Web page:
The Federal regulator (the National Centre for Vocational Education Research) has the comparative results but Batchelor acting CEO Kim Jenkinson is blocking their release.
We put written questions to Ms Wakefield’s about recent reports in the News which pointed out that a very high proportion of students received certificates in very low grades of study, that there were very few receiving Certificates III (the minimum to be useful in the job market) and that a Federal probe into the recognition of prior learning practices by the institute was under way.
We asked Ms Wakefield’s whether she would ensure that the comparative information is disclosed.
WAKEFIELD: Obviously they have some issues at the moment which need to be looked at and I know the Education Department [is dealing with them].
NEWS: Can we please stick to this: Should they give us the existing information comparing the performance of their students with the national averages?
WAKEFIELD: That is really a matter for the Education Department. It’s not my area of expertise. I am not the Minister for Education. I have looked at it and it is very much clearly a decision for the Minister of Education. That’s her decision, that she doesn’t think that needs to be public.
NEWS: You agree with her, in other words?
WAKEFIELD: I didn’t say that.
NEWS: They said they will not give the News the information.
WAKEFIELD: Yes. That is their decision, the Minister’s and the department’s … it may be commercial in confidence, it may be because they are working through some issues.
NEWS: Do you agree or disagree with that?
WAKEFIELD: I haven’t got an opinion either way.
Similarly Ms Wakefield will not use her position or influence to provide the number of people who attended the Red Centre NATS this year and last year, events which cost the taxpayer $1.3m each.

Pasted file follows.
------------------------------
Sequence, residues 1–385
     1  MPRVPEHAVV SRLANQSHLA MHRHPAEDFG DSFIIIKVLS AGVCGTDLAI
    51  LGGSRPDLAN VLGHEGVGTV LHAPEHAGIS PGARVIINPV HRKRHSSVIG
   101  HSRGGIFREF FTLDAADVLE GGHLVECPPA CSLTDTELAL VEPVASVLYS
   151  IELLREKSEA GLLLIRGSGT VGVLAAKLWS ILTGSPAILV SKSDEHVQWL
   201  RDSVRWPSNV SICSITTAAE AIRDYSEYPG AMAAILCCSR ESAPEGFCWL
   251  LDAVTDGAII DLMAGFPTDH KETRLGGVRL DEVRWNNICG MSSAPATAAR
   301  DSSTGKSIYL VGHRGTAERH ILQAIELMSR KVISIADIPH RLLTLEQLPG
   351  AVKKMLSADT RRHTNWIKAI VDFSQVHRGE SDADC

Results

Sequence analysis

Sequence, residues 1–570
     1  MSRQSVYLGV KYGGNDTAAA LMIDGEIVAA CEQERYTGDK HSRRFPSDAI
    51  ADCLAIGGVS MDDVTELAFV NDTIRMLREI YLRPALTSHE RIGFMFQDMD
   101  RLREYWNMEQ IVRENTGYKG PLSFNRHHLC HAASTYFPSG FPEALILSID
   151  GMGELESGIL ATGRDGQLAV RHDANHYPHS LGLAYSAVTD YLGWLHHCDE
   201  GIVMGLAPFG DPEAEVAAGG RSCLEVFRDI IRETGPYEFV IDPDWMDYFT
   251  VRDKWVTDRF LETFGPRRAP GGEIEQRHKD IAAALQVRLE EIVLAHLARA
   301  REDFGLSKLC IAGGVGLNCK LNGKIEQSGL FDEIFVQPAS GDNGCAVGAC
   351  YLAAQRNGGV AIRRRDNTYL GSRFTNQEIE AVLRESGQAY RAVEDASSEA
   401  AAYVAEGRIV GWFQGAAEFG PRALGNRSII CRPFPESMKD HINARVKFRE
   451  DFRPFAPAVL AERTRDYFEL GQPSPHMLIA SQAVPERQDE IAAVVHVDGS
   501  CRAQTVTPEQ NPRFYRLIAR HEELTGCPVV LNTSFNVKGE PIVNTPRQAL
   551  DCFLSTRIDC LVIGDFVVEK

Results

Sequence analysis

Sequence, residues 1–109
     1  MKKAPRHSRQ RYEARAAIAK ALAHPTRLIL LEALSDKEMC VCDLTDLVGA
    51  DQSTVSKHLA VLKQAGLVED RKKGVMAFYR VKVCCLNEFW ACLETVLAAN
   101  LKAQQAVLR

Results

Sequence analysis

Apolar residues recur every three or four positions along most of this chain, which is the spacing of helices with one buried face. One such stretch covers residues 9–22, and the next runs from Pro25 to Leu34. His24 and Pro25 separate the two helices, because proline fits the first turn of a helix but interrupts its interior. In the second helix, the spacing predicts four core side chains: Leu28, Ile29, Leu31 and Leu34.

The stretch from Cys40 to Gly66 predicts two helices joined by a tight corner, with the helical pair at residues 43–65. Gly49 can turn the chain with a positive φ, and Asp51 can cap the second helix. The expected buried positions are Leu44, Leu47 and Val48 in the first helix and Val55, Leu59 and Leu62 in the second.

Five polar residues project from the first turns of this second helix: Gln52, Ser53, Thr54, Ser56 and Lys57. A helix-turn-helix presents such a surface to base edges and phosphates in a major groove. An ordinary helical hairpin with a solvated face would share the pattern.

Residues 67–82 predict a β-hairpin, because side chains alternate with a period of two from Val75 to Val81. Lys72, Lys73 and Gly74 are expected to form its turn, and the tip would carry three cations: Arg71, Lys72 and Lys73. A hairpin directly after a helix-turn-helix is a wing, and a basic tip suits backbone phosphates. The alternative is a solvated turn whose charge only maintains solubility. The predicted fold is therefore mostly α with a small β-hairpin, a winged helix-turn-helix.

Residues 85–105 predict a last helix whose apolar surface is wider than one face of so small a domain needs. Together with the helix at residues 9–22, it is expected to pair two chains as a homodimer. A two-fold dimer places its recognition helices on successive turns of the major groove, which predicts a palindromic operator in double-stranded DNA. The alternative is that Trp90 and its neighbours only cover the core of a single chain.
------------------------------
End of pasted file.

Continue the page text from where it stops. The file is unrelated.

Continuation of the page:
The government’s Major Events company said this year 14,000 people had “gone through the gate”.
As the same people were clearly going through several gates at successive events over four days it is clear that the number of individuals would be a fraction of that number – it could be just 3000 or 4000.
Chief Minister Michael Gunner promised the News his government would provide clarification of the issue but so far he has not kept his word. The News drew Ms Wakefield’s attention to our reports.
We told her that we still don’t have the honest figures, neither for this year nor for 2016, and that the 14,000 figure had been interpreted by some media as the number of individuals attending, not passes through gates.
NEWS: Do you want to know how many people were actually there?
WAKEFIELD: How do we collect that data? I had a paper ticket that was a pass for the whole weekend. We do know that a lot of people attended. The data we have is enough to assess that the event was a success. There were a lot of people in town. You couldn’t get a hotel room. We have information that shows it is a popular event.
We showed Ms Wakefield the online “industry update” (one image of which is pictured) from Tourism NT CEO Alastair Shields on the day before the interview. Of the landscape or tourism activity photos, four showed Uluru and four the Top End. There are none from Alice Springs nor the MacDonnell Ranges.
We drew the Minster’s attention to a detailed News report on the differences in earnings between the Ayers Rock Resort and Alice Springs: For example, the latter achieves the same turnover from half the number of visitors.
NEWS: The taxpayer funded promotion by the NT Government controlled Tourism NT, which has a budget of $50m plus a year, appears to go to The Rock in much larger amounts than to the MacDonnell Ranges. What are the actual figures?